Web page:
Jamie Morton

Jamie Morton is science reporter at the NZ Herald.

Locals want raid sirens for tsunamis

Bay of Plenty group trying to convince council war alarms best for disaster duty.

Steve Morris says the air raid sirens are cheaper and more effective than those the council favours. Photo / APN
Steve Morris says the air raid sirens are cheaper and more effective than those the council favours. Photo / APN

A group of Tauranga residents worried about tsunami alarms proposed by their council have sought their own solution - ultra-loud air raid sirens.

But the city's mayor has concerns over the test blasts the Papamoa Progressive Association has organised at different spots along the coastline next Friday morning.

Association members resolved to undertake their own tests after frequent approaches by locals over the issue, spokesman Steve Morris said.

Tauranga has about 51,000 residents in coastal areas who are vulnerable to a large tsunami.

Civil Defence maps show how Mt Maunganui and Papamoa would be devastated if an "extreme" tsunami hit the Western Bay of Plenty, forcing 35,000 people to flee for their lives.

A 6.75m surge would smash through Tauranga's entire low-lying coastal strip, inundating about 19,000 homes and 2000 commercial premises.

The association eventually agreed to take up an offer by Tactical Tooling, the manufacturer of a modern version of the traditional World War II air raid siren, which had put in an unsuccessful bid to Tauranga City Council.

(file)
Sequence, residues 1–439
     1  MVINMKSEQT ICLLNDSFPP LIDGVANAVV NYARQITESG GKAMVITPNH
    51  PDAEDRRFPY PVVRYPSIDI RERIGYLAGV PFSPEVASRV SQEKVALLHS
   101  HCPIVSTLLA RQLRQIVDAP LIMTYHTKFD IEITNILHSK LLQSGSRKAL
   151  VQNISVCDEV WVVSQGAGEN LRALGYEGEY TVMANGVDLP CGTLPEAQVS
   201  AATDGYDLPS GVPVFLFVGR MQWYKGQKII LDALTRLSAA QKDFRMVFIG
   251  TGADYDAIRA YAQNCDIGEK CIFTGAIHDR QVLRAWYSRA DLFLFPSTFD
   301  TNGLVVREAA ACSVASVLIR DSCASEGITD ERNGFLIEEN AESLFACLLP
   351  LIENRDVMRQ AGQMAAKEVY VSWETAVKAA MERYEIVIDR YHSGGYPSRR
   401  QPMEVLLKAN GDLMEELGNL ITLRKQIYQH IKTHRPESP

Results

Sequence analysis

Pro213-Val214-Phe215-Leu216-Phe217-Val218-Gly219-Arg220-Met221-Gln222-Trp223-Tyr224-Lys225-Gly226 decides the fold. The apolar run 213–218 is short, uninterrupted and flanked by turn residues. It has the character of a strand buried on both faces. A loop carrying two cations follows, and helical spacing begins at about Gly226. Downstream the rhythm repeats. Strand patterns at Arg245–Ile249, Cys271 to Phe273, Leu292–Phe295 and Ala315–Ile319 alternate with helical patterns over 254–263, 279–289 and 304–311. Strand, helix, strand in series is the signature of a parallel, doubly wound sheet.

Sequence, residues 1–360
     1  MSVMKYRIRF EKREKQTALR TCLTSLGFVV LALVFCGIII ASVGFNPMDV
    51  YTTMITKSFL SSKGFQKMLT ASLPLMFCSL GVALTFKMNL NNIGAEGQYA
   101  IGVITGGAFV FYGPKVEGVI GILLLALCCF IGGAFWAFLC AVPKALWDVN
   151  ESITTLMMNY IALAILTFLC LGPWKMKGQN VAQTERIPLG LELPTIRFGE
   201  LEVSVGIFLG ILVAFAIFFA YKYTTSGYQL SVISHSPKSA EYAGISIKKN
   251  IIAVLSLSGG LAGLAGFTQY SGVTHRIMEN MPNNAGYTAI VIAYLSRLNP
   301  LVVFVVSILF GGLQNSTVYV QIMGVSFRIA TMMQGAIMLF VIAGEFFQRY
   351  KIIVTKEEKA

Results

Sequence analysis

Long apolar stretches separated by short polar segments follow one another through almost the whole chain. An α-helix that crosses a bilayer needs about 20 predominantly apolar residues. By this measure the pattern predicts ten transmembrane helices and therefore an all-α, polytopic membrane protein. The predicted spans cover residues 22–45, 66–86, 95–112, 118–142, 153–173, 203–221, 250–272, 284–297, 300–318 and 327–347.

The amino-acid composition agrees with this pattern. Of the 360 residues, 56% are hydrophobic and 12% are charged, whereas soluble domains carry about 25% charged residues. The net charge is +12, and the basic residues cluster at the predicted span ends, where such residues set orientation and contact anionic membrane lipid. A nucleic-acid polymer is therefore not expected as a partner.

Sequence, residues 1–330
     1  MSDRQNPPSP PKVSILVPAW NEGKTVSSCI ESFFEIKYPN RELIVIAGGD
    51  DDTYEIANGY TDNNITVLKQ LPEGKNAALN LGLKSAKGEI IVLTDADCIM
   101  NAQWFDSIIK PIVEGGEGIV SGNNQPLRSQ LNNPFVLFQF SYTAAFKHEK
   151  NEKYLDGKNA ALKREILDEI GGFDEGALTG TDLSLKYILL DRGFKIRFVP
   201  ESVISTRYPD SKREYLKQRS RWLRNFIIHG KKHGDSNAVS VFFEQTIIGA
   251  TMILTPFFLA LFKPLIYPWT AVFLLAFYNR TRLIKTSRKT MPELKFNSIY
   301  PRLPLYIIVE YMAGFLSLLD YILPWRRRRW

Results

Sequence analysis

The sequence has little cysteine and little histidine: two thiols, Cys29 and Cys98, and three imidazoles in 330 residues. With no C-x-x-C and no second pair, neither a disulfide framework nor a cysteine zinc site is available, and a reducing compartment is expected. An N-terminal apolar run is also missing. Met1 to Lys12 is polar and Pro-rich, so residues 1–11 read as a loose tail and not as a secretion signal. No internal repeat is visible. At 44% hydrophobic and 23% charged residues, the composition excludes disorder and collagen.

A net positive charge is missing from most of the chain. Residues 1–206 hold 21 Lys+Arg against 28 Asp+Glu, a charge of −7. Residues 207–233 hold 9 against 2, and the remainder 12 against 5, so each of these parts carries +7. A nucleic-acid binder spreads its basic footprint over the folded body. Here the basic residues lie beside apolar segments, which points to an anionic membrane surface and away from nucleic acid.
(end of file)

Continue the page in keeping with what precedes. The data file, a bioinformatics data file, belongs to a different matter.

He felt the sirens were a cheaper and more effective option than the 60 small electronic sirens proposed by the council.

"These sirens only need to be turned over once a year, and there are examples around the country of sirens that are 60 years old and still in service," he said.

"When you're dealing with a low-probability event, any warning measures need to be cost effective. Our view is, why spend $800,000 when you can have a much cheaper system for $200,000 that could last for 50 years?"

Tauranga Mayor Stuart Crosby said he had no issues with the tests going ahead, but did not want to see them jeopardise the tender process for another system still in the design and build process.

"We also hope to apply to other agencies for funding and we don't want a battle between what is best to put that funding to jeopardy, otherwise that may fall back on the ratepayers."

Mr Crosby said the tsunami warning sirens had to be distinguishable from other sirens - an issue the electronic alarms addressed.

"The frustration we all have is there is no national standard for this from Civil Defence, so you are at risk of having a series of ad hoc sirens up and down the coast," he said.

"I'm quite comfortable with what Steve Morris and his group are doing, but whether it would add value to decision-making, we'll just have to wait and see."


The sirens

The two generator-powered sirens to be tested can generate 105 decibels of sound at 50m away, and under clear conditions could be heard 30km away.

The sirens, to be hoisted on cherry pickers, generate a maximum decibel-level of 113 at 10m away from them.

The level drops to 31 decibels at 10km away.

Organisers say the tests, lasting three minutes, won't pose any hearing damage risks.

140 decibels shotgun blast

130 decibels jet taking off

115 decibels power saws, chainsaws

113 decibels maximum sound pressure level of sirens (from 10m away)

100 decibels grinding metal, noisy lawn mowers, MP3 player at full volume

70 decibels noisy office

31 decibels level of sirens from 10km away

- NZ Herald

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